I miss the bygone days of Napa Valley and Sonoma County. Those days before fanciful wineries, hospitality directors, rock star winemakers, iPhone wine apps and glossy winery maps with hundreds of tiny dots. Some of my favorite memories date back to our travels in the early 1980’s when we would drive up back roads and cross roads never knowing what tiny winery would be around the next curve.
But what I miss most are the unexpected and hands-on experiences that today seem rare, indeed. I recall fondly meeting Charlie Wagner, Founder of Caymus Vineyards, who tried to discourage us from a tasting by demanding we spend time touring his post-harvest, rain-soaked muddy vineyard. The stop turned into hours of education and a new respect for the farming aspect of winemaking. I miss moments like the time we randomly stopped into the new (now corporately owned) Folie à Deux Winery only to be asked by the founders (two slightly crazy psychiatrists) to help press the last of what became their 1983 vintage.
And then there was the ponytailed cannabis-aromaed gardener who found himself the winemaker of a now defunct Sonoma winery after the previous winemaker had quit mid-harvest. We barrel tasted through his wines; all barely drinkable. Then we got to one last Chardonnay barrel. The gardener-turned-winemaker said, “Dude…now this one I forgot about and didn’t do nothing, no yeast or anything and a couple of months later, shit, it was wine. I guess they forgot to teach him about native yeast fermentation in the “crash crush” course he had taken a few months earlier. And yes, Dude…it was his best wine.
So we are on a quest over the next year to find intimate winery experiences that hearken back to the essence of those earlier days when a trip to wine country was a journey rather than a destination. For those who wish to explore, learn and maybe on occasion even get a little dirty, these will be the stops for you. For those who want a wine country experience filled with “notch your bedpost” names like Opus One and Harlan in an effort to make your friends envious; stop reading now. Most of the boutique wineries we will explore together you will have never heard of (some I had not heard of before my visit) and your friends won’t get excited until they taste the wine you pour from your newly discovered winery gem.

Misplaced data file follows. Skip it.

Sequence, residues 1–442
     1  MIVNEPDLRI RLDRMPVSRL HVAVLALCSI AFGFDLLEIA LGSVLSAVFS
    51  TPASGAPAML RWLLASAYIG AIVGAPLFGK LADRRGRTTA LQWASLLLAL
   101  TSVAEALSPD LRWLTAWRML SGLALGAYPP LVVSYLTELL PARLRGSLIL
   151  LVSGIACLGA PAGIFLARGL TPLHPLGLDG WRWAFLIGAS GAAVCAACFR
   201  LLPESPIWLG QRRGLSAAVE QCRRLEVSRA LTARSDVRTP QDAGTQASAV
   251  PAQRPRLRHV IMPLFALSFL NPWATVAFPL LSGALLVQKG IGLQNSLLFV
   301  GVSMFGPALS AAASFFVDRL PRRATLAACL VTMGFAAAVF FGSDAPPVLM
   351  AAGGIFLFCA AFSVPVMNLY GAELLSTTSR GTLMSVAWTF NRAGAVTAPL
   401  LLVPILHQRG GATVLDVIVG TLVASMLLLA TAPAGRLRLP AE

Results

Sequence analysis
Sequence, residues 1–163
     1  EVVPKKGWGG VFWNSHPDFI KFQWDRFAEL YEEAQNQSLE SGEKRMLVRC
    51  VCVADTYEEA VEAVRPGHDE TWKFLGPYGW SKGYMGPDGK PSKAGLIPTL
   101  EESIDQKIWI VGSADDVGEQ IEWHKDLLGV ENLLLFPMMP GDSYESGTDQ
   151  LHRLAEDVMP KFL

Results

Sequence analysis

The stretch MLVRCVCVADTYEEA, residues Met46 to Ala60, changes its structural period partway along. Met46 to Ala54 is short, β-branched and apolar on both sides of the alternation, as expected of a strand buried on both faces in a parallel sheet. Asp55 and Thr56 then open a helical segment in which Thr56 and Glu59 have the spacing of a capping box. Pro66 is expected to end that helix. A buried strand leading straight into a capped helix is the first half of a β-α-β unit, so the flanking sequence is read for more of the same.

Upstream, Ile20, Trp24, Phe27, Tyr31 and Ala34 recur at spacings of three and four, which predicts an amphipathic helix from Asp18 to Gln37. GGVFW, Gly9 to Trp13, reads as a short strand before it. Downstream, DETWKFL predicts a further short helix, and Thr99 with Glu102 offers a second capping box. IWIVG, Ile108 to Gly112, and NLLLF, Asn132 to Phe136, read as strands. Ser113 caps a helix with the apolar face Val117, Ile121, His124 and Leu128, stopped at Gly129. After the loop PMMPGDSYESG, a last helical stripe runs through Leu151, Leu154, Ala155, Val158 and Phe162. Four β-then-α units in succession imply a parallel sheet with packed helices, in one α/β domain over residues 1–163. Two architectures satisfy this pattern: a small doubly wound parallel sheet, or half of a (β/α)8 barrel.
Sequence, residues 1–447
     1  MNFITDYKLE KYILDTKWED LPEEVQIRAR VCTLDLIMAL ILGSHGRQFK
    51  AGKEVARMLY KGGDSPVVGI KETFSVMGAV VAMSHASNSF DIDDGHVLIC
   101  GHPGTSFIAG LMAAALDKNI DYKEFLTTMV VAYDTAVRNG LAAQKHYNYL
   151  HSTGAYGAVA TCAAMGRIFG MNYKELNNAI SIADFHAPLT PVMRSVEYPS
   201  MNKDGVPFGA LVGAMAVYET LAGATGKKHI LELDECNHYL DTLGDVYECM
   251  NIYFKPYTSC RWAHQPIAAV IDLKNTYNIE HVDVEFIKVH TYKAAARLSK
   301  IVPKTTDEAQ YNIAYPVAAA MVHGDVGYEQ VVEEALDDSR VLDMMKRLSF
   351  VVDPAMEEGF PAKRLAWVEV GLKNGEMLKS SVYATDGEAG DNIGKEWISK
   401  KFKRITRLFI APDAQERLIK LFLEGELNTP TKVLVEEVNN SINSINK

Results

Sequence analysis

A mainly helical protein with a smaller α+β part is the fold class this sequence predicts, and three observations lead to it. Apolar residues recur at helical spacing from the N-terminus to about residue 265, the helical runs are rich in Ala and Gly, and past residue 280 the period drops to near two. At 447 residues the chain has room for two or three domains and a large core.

The wineries we are set to explore most likely will not have a public tasting room and you will need to make an appointment, especially in Napa Valley. This is due mainly to the 1990 Winery Definition Ordinance that among other things, restricted wineries opening after its inception to be “by appointment only.” However, in some cases the winery’s production is so small and the wines so well regarded there is no need for a full time tasting room. Some of the wines from these boutique producers will be quite affordable while some will be expensive. The one thing they will all have in common is an intimate and unique experience with folks passionate about the wines they produce.
So join us on our intimate journey of undiscovered Napa and Sonoma… Here are the blog posts from best boutique winery experiences we’ve had so far…